Published online by Cambridge University Press: 28 May 2009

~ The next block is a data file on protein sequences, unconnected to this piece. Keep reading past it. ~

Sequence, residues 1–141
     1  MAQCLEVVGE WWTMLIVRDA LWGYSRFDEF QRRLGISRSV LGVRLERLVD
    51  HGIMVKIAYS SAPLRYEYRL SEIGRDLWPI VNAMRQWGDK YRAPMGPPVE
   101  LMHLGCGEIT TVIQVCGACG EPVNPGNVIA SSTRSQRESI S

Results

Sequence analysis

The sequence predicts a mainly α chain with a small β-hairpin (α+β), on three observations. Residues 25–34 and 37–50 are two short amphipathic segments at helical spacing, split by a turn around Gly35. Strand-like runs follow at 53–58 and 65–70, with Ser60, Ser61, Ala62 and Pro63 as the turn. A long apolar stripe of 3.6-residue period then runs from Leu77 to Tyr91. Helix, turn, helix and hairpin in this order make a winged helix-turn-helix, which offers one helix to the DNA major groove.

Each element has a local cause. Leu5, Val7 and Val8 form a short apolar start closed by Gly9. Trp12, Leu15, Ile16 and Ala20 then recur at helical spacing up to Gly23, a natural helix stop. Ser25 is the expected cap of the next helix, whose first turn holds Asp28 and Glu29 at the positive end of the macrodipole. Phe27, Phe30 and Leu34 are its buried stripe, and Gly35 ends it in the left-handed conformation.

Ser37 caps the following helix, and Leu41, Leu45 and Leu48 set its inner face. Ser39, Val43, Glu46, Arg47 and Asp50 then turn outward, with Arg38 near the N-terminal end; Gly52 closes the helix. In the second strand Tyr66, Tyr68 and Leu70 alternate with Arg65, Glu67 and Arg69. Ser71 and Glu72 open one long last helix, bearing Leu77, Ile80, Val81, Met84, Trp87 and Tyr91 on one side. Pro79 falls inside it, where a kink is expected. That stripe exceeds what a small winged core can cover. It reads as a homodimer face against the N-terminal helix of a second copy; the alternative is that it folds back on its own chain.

Brazil was a very sparsely occupied country in 1930: with a population under thirty-five million, there were only slightly more than four inhabitants per square kilometre. Population was unevenly distributed with a heavy concentration on the coast and in the Southeast and Northeast. Population increased 2.8 percent per annum in the half-century to 1980: at increasingly higher annual rates until the 1960s, then at decreasing rates afterwards. In 1980 the population was 119 million, almost fourteen inhabitants per square kilometre. But population density still varied considerably: in the North it was only one inhabitant per square kilometre while in the Southeast it was around forty. The Southeast’s share of the population was 44.6 percent in 1920 and was still 43.5 percent in 1980. The Northeast’s share of the total population fell in same period from 36.7 percent to 29.3 percent. Data that are not strictly comparable indicate that the share of the population in cities with populations of 20,000 and more increased slowly in the two decades after 1920 to reach 16 percent in 1940 and then very rapidly in the 1950s, 1960s and 1970s to reach 51.5 percent in 1980.